KFC is exploding with great creative of late. Fresh voice, naming, design, creative, motion and even a brilliant online retail store for branded merch that you didn’t know you needed. (Even a $20,000 meteorite of the Zinger sandwich that inspired it.)
KFC’s creative innovation isn’t just happening in its home market. The Yum!-owned brand just opened a ‘better-for-you’ franchise named K PRO in China, offering alternatives to the fat-laden fried chicken and fries that made it famous—along with beer on tap to accompany the salads and paninis.
The first K PRO opened opened in Hanghzhou Zhejiang province in the MIXC Mall (万象城) on July 1 with a color scheme of green and white to underscore the healthier fare, while aproned servers offer table service.
The uniforms and packaging still sport the KFC logo, but the brand’s iconic red is nowhere to be seen. Plants are set up across tables to make it look less like a fast food eatery and more like a café at the first K PRO location.
— Yicai Global 第一财经 (@yicaichina) July 4, 2017
Diners eat below a sign that reads: “TASTY FRESH READY.” On the menu at K PRO, paninis and salads that can be topped with grilled (not fried) chicken breast, South American white shrimp, smoked salmon or crayfish – a popular item in China — in addition to fresh juice and beer.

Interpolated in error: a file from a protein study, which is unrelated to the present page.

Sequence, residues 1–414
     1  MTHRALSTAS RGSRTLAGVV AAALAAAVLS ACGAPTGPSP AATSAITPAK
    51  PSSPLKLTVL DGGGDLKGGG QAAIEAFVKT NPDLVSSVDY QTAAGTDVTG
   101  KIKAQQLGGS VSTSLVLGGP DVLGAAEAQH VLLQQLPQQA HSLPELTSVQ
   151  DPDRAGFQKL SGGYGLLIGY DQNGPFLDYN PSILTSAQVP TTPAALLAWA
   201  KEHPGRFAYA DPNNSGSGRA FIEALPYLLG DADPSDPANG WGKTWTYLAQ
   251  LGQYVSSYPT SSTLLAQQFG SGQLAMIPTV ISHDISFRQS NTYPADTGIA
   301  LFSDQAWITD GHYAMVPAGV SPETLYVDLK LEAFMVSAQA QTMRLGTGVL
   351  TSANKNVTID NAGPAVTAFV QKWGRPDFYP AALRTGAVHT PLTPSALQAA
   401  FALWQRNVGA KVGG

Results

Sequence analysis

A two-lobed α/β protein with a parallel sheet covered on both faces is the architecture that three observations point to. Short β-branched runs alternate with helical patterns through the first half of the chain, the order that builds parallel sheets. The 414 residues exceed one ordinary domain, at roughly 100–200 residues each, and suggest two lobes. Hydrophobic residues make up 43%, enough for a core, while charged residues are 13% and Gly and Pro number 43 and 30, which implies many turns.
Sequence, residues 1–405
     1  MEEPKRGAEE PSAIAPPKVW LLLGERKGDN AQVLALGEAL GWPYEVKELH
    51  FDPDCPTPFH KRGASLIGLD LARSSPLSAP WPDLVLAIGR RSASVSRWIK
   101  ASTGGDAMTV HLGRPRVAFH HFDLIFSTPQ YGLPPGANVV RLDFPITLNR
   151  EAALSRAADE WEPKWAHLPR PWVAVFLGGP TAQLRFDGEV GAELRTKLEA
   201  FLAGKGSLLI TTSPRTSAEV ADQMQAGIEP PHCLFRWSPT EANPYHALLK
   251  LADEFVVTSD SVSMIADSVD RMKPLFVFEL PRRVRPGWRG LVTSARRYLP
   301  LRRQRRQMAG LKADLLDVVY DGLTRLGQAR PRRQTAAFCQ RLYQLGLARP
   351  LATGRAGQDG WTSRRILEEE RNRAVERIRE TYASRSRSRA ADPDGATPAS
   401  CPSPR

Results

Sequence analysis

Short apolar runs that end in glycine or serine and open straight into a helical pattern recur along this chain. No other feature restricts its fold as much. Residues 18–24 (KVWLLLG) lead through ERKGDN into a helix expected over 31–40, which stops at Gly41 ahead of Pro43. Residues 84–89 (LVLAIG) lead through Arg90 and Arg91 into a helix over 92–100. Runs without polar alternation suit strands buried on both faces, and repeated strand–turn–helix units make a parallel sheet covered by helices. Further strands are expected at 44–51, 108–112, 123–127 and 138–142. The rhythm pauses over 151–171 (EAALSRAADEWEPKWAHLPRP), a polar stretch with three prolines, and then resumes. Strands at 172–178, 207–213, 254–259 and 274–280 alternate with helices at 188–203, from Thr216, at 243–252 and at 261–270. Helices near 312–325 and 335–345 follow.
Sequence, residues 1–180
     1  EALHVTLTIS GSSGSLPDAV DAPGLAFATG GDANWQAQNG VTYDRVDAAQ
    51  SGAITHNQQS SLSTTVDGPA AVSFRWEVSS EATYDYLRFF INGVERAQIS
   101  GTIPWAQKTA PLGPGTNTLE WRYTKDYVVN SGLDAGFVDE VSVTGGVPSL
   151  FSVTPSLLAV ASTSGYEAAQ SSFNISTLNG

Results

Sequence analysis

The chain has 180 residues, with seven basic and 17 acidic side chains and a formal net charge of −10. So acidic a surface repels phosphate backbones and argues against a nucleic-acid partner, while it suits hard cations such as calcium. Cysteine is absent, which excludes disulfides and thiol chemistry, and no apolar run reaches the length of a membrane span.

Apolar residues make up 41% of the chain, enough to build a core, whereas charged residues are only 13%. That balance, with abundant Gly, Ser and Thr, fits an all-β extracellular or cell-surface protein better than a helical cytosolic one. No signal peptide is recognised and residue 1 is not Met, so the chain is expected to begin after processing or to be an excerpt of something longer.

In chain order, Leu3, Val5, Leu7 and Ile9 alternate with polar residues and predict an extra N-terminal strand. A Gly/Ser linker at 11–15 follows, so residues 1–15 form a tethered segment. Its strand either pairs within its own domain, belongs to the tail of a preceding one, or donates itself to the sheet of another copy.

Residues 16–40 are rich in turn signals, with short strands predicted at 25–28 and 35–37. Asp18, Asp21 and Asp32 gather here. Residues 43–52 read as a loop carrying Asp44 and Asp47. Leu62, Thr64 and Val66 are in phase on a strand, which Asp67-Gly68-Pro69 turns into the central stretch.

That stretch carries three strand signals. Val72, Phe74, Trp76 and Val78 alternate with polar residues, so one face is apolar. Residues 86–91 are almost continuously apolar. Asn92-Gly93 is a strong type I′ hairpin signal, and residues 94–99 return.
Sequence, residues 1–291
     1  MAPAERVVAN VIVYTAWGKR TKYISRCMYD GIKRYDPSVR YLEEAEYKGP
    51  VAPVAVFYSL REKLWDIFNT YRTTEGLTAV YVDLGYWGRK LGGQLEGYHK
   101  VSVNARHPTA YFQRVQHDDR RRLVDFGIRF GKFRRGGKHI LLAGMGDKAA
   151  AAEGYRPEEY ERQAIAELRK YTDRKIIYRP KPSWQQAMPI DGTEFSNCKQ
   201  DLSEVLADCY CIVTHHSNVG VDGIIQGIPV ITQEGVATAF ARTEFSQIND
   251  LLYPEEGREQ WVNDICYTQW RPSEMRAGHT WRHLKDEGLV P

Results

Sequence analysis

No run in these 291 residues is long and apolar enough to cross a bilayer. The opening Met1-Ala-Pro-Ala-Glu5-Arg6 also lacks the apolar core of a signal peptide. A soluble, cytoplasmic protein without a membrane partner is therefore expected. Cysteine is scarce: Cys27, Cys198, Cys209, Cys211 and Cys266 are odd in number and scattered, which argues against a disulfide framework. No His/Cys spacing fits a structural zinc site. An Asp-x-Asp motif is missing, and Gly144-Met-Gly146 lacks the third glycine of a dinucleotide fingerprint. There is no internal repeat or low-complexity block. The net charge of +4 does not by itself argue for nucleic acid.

For those with a sweet tooth, there’s soft-serve ice cream, and french fries can also be had – along with a spicy wing “snack” if fried chicken is your hankering.
KFC is China’s largest restaurant chain and locations there are owned or franchised by Yum China, also owner of Pizza Hut and Taco Bell chains in China, and spun off from Yum! Brands in 2016.
KFC was the first Western fast food company in China opening an outlet in Qianmen, Beijing in 1987. KFC has 5,138 outlets in China as of 2017.
For the past few years the brand has used China to test ideas including a robot-run restaurant in Shanghai, a Beijing location that introduced facial recognition ordering kiosks and its first branded smartphone, with Huawei.
KFC has tested different approaches to cracking the Chinese market including unique Chinese offerings such as congee and ‘fungus salad’ and local creations such as the ‘Chizza’ (chicken pizza).
It’s a definitive sign of the times that KFC, the paragon of fast fried food is turning toward greener pastures with K PRO. Consumer tastes are changing and even legacy brands are having to re-examine and adjust their own products and principles.